Award winning new research has virtually eliminated the need for road workers to make some 3.7 million live carriageway crossings a year to manoeuvre warning signs on central reservations.
The study, led by transport consultancy TRL (Transport Research Laboratory), won the 2015 Prince Michael International Road Safety Award this week and could save lives.
TRL's head of road safety engineering, Dr Iain Rillie, said: 'Carriageway crossings and working in live lanes are two of the most hazardous things a road worker has to do on a high-speed road.'
TRL boosts road safety with new study
Working with Highways England (HE) and the Road Workers' Safety Forum (RoWSaF) on the Off Side Signs Removal (OSSR) project, TRL has produced results that allow the omission of all central reservation signing at short-term road works on two, three or four-lane dual carriageway roads.
The research effort used both simulations and on-road trials which showed that there would be no adverse effects on the safety of road users from signs being installed only on the nearside verge.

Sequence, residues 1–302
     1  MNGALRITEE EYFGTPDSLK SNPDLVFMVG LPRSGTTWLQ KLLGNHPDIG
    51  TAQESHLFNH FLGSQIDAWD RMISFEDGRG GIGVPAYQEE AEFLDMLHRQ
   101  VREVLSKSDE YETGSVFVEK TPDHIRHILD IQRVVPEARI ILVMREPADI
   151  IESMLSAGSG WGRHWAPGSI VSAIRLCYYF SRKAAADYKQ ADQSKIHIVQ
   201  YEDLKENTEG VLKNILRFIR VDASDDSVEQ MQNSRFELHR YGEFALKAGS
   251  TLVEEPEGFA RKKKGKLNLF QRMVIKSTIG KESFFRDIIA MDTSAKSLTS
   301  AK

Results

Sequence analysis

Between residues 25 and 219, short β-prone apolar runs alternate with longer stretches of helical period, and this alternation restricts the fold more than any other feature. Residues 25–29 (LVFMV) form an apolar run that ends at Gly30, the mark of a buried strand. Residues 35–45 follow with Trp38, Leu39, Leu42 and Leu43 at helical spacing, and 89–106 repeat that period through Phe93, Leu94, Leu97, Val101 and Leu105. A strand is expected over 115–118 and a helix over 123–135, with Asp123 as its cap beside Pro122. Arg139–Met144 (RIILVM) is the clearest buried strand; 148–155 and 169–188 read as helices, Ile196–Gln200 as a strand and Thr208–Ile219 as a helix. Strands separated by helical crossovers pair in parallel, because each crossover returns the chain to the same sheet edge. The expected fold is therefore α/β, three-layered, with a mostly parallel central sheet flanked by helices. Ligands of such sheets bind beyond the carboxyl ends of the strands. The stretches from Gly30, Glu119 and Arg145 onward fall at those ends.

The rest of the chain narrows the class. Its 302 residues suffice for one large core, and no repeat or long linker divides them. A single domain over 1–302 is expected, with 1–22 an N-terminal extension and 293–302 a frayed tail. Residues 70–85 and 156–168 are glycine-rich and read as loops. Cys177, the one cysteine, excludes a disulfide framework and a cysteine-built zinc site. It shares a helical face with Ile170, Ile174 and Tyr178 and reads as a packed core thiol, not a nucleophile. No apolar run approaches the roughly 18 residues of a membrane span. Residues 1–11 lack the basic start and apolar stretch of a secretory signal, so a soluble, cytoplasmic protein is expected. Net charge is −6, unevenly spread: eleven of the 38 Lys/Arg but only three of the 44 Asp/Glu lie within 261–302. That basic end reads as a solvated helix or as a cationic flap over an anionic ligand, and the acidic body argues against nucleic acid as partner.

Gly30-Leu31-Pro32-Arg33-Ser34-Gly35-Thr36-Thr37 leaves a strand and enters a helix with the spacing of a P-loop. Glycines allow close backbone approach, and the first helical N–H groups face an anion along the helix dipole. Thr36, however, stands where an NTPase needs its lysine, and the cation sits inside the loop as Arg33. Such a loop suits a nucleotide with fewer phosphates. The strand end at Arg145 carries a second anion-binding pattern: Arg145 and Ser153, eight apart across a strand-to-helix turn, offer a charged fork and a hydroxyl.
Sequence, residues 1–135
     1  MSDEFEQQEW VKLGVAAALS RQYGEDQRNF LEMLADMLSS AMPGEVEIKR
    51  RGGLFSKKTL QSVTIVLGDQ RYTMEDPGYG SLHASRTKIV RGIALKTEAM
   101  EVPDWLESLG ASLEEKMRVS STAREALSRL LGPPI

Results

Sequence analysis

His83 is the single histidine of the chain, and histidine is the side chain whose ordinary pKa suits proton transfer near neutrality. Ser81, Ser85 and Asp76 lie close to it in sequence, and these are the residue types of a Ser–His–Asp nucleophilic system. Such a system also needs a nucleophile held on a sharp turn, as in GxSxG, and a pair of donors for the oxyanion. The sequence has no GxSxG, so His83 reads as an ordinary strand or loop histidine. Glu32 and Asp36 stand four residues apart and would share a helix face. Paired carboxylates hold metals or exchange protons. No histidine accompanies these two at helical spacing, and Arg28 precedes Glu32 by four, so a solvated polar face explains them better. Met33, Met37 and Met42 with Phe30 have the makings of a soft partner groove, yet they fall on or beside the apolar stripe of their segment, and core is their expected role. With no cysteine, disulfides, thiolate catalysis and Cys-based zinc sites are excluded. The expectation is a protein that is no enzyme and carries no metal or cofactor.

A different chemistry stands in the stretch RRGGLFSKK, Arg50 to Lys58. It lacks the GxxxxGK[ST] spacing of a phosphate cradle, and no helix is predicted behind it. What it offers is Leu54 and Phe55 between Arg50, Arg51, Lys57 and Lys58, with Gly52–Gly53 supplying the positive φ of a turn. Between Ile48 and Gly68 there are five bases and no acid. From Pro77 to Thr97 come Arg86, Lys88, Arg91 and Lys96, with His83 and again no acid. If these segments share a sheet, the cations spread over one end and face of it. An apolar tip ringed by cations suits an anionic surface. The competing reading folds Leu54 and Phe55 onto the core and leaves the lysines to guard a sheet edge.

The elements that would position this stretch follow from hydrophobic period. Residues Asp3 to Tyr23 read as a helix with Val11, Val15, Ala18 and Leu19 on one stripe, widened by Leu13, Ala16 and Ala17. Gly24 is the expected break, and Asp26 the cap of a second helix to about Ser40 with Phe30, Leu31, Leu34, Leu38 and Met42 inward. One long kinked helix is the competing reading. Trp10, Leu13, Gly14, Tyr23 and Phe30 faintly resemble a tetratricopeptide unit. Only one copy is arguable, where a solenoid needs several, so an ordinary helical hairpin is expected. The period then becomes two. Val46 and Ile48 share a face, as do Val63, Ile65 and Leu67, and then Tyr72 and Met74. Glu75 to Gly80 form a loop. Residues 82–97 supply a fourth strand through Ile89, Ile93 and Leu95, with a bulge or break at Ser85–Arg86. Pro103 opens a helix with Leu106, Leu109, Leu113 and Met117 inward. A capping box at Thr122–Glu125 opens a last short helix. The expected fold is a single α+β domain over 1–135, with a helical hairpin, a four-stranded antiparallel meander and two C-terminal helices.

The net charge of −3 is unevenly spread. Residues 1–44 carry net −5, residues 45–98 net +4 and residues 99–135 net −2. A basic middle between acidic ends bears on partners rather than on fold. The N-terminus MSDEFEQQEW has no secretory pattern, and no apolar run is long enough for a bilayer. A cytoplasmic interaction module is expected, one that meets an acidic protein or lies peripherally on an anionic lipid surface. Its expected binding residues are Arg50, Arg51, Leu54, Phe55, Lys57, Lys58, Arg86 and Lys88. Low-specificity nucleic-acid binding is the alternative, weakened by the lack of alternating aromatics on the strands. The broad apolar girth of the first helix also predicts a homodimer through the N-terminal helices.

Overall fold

RoWSaF states that over 95% of short-term lane closures can now benefit from OSSR. The remainder are being carried out as part of either a monitored roll-out for wider applications or of 'temporary workarounds', pending delivery of innovative solutions that will eliminate less common types of crossings.
The result marks the achievement of a key RoWSaF current strategy target - the virtual elimination of live carriageway crossings on foot in advance of the projected December 2016 date.
The results of the study have been consolidated in a recent interim advice note from HE.
Figures for highways worker and construction and maintenance worker incidents:
Year Fatality Major Injuries
2007 0 15
2008 1 25
2009 1 35
2010 6 29
2011 0 14
2012 1 19
2013 0 18
2014 0 17